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Addicted in Hollywood: Stars' Problems With Cocaine 'Still Going Strong'

Charlie Sheen Brooke 640

Charlie Sheen and Brooke Mueller before their 2009 split.

According to the 2008 National Survey of Drug Use & Health, the number of young adults abusing cocaine has dropped significantly. However, in Hollywood, the use and abuse of the illicit drug continues unabated.

In fact, snorting cocaine can be as commonplace as sipping a glass of champagne. After a night out in the clubs, the party typically goes back to an oversized mansion somewhere in the Hollywood Hills. There’s music, a pool table, more alcohol and a bunch of pretty people doing a line or two.

Dennis Quaid described a similar scene, telling Newsweek that his "greatest mistake" in life was the cocaine addiction he developed in the 1970s and 1980s when he first encountered show business' pressures – and payoffs.

"It was very casual at first. That's what people were doing when they were at parties. Cocaine was even in the budgets of movies, thinly disguised," Quaid said. "It was petty cash, you know? It was supplied, basically, on movie sets because everyone was doing it. People would make deals. Instead of having a cocktail, you'd have a line."

And in a town founded on fame, cocaine is often synonymous with stardom. 

Last year Paris Hilton hit headlines after pleading guilty on two misdemeanor counts in a Las Vegas court of cocaine possession. Charlie Sheen was hospitalized in January following a porn-star fueled party complete with a reported "briefcase full of cocaine." In her recent memoir, Belinda Carlisle opened up about her battle with a three-decade coke addiction. And then there is the late Amy Winehouse, who’s own father was quoted three years ago saying the Grammy-winning songstress would die if she continued to smoke crack.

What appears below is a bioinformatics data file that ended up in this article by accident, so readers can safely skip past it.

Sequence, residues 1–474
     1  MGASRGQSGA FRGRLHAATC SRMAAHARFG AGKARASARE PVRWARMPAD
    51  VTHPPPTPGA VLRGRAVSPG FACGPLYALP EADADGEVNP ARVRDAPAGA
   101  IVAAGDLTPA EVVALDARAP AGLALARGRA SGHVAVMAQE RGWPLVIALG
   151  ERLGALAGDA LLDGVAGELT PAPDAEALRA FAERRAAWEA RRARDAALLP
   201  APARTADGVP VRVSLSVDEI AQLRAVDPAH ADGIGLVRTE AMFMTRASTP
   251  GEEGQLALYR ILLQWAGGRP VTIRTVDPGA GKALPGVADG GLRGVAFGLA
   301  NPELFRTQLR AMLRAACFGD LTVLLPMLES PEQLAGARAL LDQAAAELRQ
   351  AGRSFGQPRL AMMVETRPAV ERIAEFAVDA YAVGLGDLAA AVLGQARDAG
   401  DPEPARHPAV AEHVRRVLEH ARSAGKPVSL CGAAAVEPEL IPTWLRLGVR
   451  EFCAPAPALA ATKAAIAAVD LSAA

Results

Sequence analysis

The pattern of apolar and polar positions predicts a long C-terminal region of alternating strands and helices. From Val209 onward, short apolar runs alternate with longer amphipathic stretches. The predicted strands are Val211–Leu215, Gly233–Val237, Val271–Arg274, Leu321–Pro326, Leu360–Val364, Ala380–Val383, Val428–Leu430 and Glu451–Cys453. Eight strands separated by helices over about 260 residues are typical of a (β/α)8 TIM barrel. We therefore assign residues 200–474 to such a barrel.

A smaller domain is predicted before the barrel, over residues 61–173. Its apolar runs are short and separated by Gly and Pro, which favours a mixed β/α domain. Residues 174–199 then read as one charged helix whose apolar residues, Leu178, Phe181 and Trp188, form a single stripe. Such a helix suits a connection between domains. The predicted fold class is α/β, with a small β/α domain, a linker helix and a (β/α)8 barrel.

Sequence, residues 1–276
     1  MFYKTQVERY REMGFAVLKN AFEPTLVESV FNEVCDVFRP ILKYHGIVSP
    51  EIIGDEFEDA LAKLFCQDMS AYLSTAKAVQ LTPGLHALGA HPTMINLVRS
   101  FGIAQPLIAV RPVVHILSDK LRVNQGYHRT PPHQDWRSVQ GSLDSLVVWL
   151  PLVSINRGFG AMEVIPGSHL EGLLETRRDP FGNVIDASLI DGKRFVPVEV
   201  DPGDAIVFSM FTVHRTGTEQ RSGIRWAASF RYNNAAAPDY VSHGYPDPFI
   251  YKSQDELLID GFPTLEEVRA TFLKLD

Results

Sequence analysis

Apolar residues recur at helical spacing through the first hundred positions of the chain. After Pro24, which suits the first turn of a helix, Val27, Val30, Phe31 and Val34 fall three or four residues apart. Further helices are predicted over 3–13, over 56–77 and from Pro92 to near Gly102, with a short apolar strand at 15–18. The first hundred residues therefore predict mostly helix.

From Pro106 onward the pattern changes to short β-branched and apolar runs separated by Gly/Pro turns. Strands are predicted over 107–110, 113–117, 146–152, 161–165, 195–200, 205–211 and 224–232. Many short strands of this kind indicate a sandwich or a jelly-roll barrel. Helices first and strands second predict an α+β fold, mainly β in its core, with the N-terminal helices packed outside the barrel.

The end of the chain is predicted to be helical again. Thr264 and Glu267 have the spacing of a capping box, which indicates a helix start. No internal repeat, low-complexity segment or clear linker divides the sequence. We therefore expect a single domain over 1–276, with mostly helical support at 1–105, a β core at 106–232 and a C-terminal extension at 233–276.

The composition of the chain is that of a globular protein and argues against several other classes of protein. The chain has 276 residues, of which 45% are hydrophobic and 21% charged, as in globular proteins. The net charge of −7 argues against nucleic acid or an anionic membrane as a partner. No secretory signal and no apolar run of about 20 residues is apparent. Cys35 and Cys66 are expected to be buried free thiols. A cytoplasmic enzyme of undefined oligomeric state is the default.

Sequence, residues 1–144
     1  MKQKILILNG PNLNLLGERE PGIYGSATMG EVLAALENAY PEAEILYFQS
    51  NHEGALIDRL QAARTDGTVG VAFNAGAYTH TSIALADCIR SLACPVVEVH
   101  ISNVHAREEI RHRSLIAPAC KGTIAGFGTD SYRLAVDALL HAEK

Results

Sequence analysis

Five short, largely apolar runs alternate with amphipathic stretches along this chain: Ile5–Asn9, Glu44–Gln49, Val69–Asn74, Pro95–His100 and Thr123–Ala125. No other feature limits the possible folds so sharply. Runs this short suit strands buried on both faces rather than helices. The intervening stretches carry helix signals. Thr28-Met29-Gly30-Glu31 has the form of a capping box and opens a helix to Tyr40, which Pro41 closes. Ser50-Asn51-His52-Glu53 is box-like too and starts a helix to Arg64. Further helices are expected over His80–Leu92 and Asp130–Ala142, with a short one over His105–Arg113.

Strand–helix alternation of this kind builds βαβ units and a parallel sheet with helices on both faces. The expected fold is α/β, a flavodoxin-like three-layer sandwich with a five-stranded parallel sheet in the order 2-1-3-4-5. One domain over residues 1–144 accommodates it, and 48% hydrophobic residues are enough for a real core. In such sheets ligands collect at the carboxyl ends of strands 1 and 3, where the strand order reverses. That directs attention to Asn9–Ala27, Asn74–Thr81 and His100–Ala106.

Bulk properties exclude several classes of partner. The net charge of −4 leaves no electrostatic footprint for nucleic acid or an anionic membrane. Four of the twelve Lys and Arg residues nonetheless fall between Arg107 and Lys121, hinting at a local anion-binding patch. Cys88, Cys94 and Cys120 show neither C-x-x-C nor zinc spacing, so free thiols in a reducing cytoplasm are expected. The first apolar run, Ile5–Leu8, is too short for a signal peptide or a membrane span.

"In general, with cocaine abuse, or cocaine dependence, the numbers are dropping. They are not peaking or elevating. But in Hollywood, it’s still going strong," Dr. Reef Karim, a leading addiction specialist at The Control Center in Los Angeles told FOX411's Pop Tarts column. "You still see coke everywhere in Hollywood. It is still considered to be a party drug."

So what is it about cocaine that has so many Hollywood types hooked?

"Cocaine is unique in how it stimulates the brain’s reward center.  The chemical signal for pleasure in the brain is the release of dopamine in the nucleus accumbens in the midbrain," explained Dr. David Sack, CEO of the star-saturated Malibu rehab center Promises. "Cocaine strongly and selectively increases dopamine in this region, causing the ‘rush’ and euphoria."

FOX411 recently explored the use of cocaine as a popular weight loss drug and appetite suppressant in the image-fueled industry. But it also serves another critical function: sudden and abundant energy.

"It keeps you awake. And for a lot of people it makes them more hyper or more sociable, so, you’ve got people that want to party all night that don’t want to gain a lot of weight, that want to be able to talk to other people that they aren’t that interested in to start with, and want to have a good time in a pleasurable way," Reef explained. “Cocaine seems to make sense for them."

According to Dr. Eric Braverman, addiction specialist and author of “Younger You,” a big ego and money to burn also pave the way for cocaine addiction.

"[Celebrities tend to be] narcissistic, so cocaine gives them a sense of authority and power. Also, many rely on cocaine to fill voids in their lives," he said, adding that celebrities with the addiction may drop upwards of $1,000 per day on the stuff.